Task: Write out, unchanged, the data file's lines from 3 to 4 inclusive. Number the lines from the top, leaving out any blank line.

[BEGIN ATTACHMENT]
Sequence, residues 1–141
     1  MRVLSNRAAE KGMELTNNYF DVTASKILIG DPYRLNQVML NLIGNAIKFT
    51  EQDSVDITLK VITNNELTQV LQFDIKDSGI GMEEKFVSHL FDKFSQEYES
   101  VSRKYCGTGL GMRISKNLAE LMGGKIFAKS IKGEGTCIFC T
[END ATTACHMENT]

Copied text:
    51  EQDSVDITLK VITNNELTQV LQFDIKDSGI GMEEKFVSHL FDKFSQEYES
   101  VSRKYCGTGL GMRISKNLAE LMGGKIFAKS IKGEGTCIFC T